Texas’ new campus gun law has partly prompted a longtime dean at the University of Texas to quit and take another deanship at an Ivy League school, he said Friday.
“I grew up hunting. I don’t see a bunch of quail or pheasant running around the campus,” School of Architecture Dean Frederick Steiner told CNN. “Firearms in my view have their place in the world, and the university campus is not one of those places, except for law enforcement and campus police.”
Steiner said the new Texas gun law called Campus Carry was “a factor” in his decision to leave the state’s flagship university effective at the end of June.
The new law could lead to campus gunfire and self-censorship among faculty who fear their grades or lectures could incite the armed students, Steiner said. He has been the architecture school’s dean on the Austin campus for 15 years.
He also cited how the new law doesn’t apply to private universities that also receive government research funding, and he described the law as “part of a larger assault on public universities” by state legislators who have cut school funding and appointed regents who “were not sympathetic to a leading research university,” he said.
He noted that the new law becomes effective on the 50th anniversary of a mass shooting at the University of Texas in Austin. The campus saw one of the worst mass shootings in U.S. history when a sniper in a campus tower killed 15 people and wounded at least 30. That date is August 1.
“It’s very sad, the irony,” Steiner said.
He expressed concern about free speech and faculty’s academic freedom under the new Campus Carry gun law, though he acknowledged only a small percentage of students now have such gun permits.
“I think that’s one possibility, that we start censoring ourselves because we’re afraid of upsetting someone with a firearm,” Steiner said. “Faculty or deans often are put in a position where we’re responsible if somebody misbehaves, we tell them to stop misbehaving. If you think of this famous scene in ‘Animal House’ where the dean is telling the fraternity guys to behave themselves, imagine the guys in ‘Animal House’ with guns.”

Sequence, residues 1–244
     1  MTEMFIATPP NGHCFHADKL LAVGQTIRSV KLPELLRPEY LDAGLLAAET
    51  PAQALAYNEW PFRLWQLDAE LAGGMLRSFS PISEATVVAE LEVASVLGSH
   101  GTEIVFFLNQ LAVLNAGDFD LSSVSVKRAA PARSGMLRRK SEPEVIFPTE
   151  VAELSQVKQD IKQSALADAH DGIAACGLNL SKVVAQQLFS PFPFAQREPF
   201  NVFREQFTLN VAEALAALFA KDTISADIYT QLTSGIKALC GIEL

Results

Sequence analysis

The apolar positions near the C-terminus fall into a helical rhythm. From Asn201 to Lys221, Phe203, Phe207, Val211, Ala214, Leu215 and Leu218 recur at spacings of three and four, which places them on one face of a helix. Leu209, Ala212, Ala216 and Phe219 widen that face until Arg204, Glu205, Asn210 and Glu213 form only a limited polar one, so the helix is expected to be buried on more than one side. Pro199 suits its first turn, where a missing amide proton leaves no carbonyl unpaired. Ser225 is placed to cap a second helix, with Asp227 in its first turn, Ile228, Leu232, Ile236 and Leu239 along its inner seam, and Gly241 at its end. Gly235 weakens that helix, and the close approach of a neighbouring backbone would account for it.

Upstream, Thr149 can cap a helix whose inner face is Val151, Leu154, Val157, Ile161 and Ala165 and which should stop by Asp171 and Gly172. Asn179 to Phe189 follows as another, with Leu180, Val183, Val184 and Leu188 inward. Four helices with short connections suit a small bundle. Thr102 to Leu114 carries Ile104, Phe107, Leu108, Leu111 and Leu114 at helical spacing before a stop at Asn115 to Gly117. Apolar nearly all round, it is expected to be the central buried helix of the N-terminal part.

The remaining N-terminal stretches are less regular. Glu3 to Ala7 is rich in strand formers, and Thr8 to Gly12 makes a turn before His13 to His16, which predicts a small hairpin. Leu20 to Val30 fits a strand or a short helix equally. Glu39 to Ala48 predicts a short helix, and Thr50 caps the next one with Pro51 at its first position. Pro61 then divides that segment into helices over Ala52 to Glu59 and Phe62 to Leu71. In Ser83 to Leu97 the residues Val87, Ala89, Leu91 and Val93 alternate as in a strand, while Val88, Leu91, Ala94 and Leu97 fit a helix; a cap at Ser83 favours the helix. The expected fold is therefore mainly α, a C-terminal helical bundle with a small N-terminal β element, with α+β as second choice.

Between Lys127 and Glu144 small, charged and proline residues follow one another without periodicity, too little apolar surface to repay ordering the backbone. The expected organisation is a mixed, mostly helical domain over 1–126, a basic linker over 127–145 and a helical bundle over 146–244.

Classrooms, architecture studios, and grading can be highly stressful settings, he added.
“When you have a stressful situation like exams, performance review or studio, I don’t see how a firearm can enhance that learning experience,” Steiner said. “There’s no shortage of examples of stressful work settings that result in people being shot. … It’s not abstract. We see it all the time. So why add firearms to a situation where we know there is stress involved.”
The state law carries penalties for university administrators who don’t enforce it, Steiner said.
“So I’m put in the position of enforcing a law that I don’t believe in,” he added. “I don’t want to break any laws.”
His next job will be dean of the University of Pennsylvania School of Design, where he received his master’s and doctorate degrees, both in 1986, for city and regional planning.
Steiner has received “a couple of hundred positive responses” from faculty, students, alumni and colleagues at other universities for his stand.
He’s also gotten four pieces of hate mail, he said.
“They use negative labels like liberal and go to Massachusetts,” Steiner said. “They can’t spell very well, and they can’t tell the difference between Pennsylvania University and Penn State University.”
In a letter to colleagues informing them of his impending departure, he made no mention of the new law in Texas, saying only that “as an alumnus with three degrees from Penn Design, this is an unparalleled opportunity to lead a school at an institution that means a great deal to me.”
He was proud of what his colleagues accomplished at the University of Texas the past 15 years, he said.
The new Campus Carry law will allow people who are licensed to carry concealed handguns to carry their guns onto the campuses ofTexas’ four-year state universities. The universities will be able to create gun-free zones, but those zones cannot include classrooms.